Can a wheel on trainer damage wheel bearings?

I’ve just started using zwift on a wheel on trainer and when I took the bike in for a service I was told the wheel bearings need changing. They were quite right, but is this just a coincidence?

I’ve done about 1500 miles since October so it may just be a bad luck that the bearings have worn down during lockdown.

So can using 5he trainer damage the bearings? Thank you.

Oh, and I was 689th out of 690 on the volcano KOM tonight. Not Last. Felt good to me.

I wouldn’t imagine a wheel on trainer would damage the bearings but I’m sure someone else with more knowledge could comment. I know it can tear up tires due to the heat. Your best bet may be to get a spare wheel to use on the trainer.

As for the KOM, it’s the small victories that you can build on, next time you could be 679th out of 690. Progress is progress. Life isn’t a sprint, it’s a marathon, and some people don’t reach the finish line or even the start line. Keep it up, and Ride On!


I have done over 16,000 miles on my wheel on trainer using the same wheel with no issue with the bearings.


2200 miles on my dedicated indoor training wheel - seems to be no issues as for now. The hub is a lower range $20 Shimano one.

If you’ve over tightened the roller onto the wheel then technically yes you could damage your wheel bearings. More likely the trainer bearings would go first in my experience.

Plenty of Vortex/Bushido users will testify to this.

Maybe you’ve done that and that’s why you are losing valuable watts

The way that most wheel-on trainers attached to the bike, the rear wheel bearings are probably under much less load than when being ridden on real road. In the former case your weight is not on the wheel, its just the roller pressure required to achieve good friction. In the later case, its typically 60% of your body weight and given that the road isn’t smooth, it will be a dynamic load as you hit bumps and ruts. Your rear wheel probably loves the easy life on the trainer (the tyre hates it but the wheel loves it).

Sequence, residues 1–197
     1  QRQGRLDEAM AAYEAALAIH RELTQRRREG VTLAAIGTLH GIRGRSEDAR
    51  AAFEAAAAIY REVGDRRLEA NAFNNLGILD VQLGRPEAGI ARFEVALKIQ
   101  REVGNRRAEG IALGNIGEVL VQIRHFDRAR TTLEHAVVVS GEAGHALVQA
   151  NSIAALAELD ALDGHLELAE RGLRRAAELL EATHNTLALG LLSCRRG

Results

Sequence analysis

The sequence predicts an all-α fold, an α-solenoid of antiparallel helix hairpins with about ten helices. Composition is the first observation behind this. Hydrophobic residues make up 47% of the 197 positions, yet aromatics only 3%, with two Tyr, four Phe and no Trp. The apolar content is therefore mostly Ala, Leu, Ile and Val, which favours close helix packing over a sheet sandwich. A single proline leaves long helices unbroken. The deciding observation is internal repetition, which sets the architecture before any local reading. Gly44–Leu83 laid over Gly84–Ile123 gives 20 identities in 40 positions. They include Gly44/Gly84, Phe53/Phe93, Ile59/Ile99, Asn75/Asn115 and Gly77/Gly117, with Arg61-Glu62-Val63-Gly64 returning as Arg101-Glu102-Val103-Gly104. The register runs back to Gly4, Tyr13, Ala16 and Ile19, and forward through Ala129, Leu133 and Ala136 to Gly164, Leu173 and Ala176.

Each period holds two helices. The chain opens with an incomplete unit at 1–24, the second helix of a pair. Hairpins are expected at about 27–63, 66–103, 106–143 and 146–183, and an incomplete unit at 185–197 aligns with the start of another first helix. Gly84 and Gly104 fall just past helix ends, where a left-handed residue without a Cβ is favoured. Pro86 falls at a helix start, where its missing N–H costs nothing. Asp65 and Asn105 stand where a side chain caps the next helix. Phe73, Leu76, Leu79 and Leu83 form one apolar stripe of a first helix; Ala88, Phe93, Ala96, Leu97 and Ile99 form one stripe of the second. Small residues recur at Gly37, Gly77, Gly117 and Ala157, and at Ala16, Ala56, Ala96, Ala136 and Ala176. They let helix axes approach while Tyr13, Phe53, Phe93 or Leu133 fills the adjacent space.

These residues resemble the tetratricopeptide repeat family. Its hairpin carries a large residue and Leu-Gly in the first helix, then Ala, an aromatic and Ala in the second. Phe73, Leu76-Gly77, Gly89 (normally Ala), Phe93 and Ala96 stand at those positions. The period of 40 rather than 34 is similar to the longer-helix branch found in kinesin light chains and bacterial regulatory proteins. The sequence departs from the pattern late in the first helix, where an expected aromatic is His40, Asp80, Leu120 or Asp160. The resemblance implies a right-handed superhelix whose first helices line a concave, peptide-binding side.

As Mark above me says (but worded different) these are the easiest miles those bearings have seen. They have the added benefit of no risk of water ingress or wide temperature variations. Whatever wore them out was happening before you got on the trainer. I could see a situation where damaged bearings continued to cause damage while on the trainer… that’s no fault of the trainer though. Properly adjusted and good condition bearings will probably do 5,000 plus miles on a wheel-on trainer without a second thought given to their care and feeding.

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Thank you all for your really helpful replies. It looks like it is just coincidence.

Since COVID kicked in the bikes been doing at least 100km a week, so I’m learning quite lot about bike wear… I’m on my third chain😀 never thought they needed changing so frequently

If you sweat a bit then this will be dropping straight onto the chain and accelerating the wear.
My turbo chain gets pretty caked up and requires plenty of lube.

Thank you all for your helpful answers. I guess going from 1000miles a year to 5000 was always going to highlight new problems.